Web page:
Gardening Tips: Seedling Safety

Editor’s Note: This column first appeared on 30 May 2018.


What to do this week

This time of year many people are starting to move their seedlings from the house or greenhouse to the garden. Even if you have decided to run the risk of frost, your seedlings will need a gradual introduction to the outdoors. It is important not to take your seedlings from the house and plunk them right in the garden without any preparation. You have to get the seedlings used to living in the big, wide world. There are a few reasons for this.

One reason is temperature. Even if it were warm outside, if the seedlings have been growing inside your house or greenhouse, they are not used to the fluctuations of temperature during the 24 hour day outside. Frost is part of that. The other thing is the high UV radiation they would be getting outside that they don’t get, even in the direct sun on a windowsill where they are behind glass. Just like people can get a sunburn, plants can get a sunburn. Putting them out without a gradual period of getting used to the UV radiation is a no-no.

Lath house design from "California Garden, Vol. 6, No. 3, September 1914" (1914) via Wikimedia Commons

Feeling ambitious? Lath house design from “California Garden, Vol. 6, No. 3, September 1914” via Wikimedia Commons. (Click to enlarge)

The other change for seedlings which have been moved outside is the wind. Unless you had a fan on them, and jiggled them around periodically, which most people don’t bother with, they will need some acclimatization to the air movement outside. Plants develop stiffening cells called lignins that help them withstand the airflow of the wind. Unless they are exposed to the wind, they don’t develop these cells. This is a gradual process for plants, just like getting tanned is a gradual process for people.

So, you begin by putting your seedlings out for no more than an hour in the early morning or late afternoon when the sun is not so intense. Start off in a location that is also sheltered from the wind. You gradually increase the time that they are out over a minimum of seven to 10 days. You really do need to take your time with this. During this period you gradually move them into a location where they are getting increased exposure to the breeze as well. They will get a little air movement, even in a sheltered spot. Don’t start by plunking them into the middle of the open air when there is a gale blowing. If you hurry things a bit, or start with the mid-day sun, you may notice a bit of leaf damage, but so long as this damage is minor the plants will recover. It is like getting a bit pink from your first sunny day out for a summer walk. With the seedlings, you will know when you have gone too far as the leaves will look crispy.

Another way that you can get around the need to gradually harden off your seedlings is to build what the English call a “lathe” house (and the Americans a “lath” house). I have one. It is a construction, usually of wood, that is like a greenhouse in shape but instead of glass or plastic it has spaced slats that allow the sun in partially, rather like Venetian blinds. A lathe house also partially protects from wind. I can harden off a lot of seedlings at once in my lathe house, although I still have to be careful about frost at night.

If you are away during the day you will have to find ways to avoid having to run home at lunch every day. One option you have is shade cloth, but again this will not protect against frost. You also have to be careful the shade cloth does not touch the plants so that the wind buffets the leaves. Row covers are another way you can cheat a little. This helps, especially if you go to work. You can protect the plants with spun bonded polyester row covers, which you can open when you get home. Another option is to inquire at your garden center for seedlings that they have already hardened off. A good garden center will be able to inform you about this status for their different types of seedlings. You won’t be able to grow your own seedlings from seed if you can’t manage the hardening off process, but with the help of a good garden center you will still be able to garden. Remember, though, that just because the seedlings you buy are hardened off, this doesn’t mean they can withstand frost if they are warm season annuals. You can only push the boundaries so far, but the more you are aware that your seedlings are little living things, the more successfully you will transition them from home (or garden center) to garden.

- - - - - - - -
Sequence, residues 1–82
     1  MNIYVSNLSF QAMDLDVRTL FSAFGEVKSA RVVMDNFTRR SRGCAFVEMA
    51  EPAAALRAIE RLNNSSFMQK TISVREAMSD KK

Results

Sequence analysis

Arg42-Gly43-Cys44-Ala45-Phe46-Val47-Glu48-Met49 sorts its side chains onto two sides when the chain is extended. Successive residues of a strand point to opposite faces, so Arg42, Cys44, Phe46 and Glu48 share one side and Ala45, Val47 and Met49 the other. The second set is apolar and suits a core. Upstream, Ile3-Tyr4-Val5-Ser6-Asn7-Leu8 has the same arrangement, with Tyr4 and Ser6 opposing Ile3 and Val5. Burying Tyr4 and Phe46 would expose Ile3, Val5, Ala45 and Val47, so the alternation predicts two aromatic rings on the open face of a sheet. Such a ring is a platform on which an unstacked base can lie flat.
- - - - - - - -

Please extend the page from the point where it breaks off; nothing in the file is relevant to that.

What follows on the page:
Featured image: Pinterest-sourced photo of backyard lath house. I could not find the name of the photographer, but the caption read: “South facing wall of Lath House built by my husband.” An accompanying photo showed the house from another angle and noted the door had been purchased from “Barn Boys in Sante Fe.”





Market gardener, farmer, workshop leader, seed-saver, political candidate and mother, Michelle Smith has spent over 30 years coping with the challenges of our bioregion and in the process has built a store of practical and technical knowledge. The Inverness resident has served on the board of Seeds of Diversity Canada and represented Alternative Producers with the Federation of Agriculture but can do nothing about her hair. She is pictured with a head of Club Wheat, a seed that shares her approach to hairdressing.




Backyard food gardener Madeline Yakimchuk caught the food-security bug in the early ’90s through Cuba’s Urban Agriculture Department, taking her first permaculture course and planting her first garden. She can often be found discussing food security, nurturing a plant-based lifestyle or trying to give away vegetables. Professionally, she is GRYPHON media productions but sometimes uses la bruja in her volunteer work, most notably in managing the garden column, which begins life as a telephone interview.





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